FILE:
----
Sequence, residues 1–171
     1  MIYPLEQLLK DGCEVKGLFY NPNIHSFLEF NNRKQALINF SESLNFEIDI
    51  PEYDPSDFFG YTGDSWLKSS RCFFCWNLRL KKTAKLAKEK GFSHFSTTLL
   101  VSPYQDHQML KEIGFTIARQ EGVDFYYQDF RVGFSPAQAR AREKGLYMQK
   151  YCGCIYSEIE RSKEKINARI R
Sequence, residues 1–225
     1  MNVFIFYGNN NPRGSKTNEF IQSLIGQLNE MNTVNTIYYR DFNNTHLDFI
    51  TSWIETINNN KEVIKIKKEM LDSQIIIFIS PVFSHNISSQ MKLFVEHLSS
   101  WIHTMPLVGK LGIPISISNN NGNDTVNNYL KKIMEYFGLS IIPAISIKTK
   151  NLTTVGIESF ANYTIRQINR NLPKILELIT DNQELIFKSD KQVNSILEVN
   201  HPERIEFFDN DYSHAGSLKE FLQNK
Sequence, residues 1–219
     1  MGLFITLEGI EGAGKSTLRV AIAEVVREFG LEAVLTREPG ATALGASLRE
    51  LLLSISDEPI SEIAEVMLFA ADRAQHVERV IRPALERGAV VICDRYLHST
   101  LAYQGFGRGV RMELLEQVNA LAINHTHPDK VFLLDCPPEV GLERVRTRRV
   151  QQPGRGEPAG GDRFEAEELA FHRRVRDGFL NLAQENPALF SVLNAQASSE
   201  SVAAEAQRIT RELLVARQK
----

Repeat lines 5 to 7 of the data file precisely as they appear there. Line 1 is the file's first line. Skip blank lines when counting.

   151  YCGCIYSEIE RSKEKINARI R
Sequence, residues 1–225
     1  MNVFIFYGNN NPRGSKTNEF IQSLIGQLNE MNTVNTIYYR DFNNTHLDFI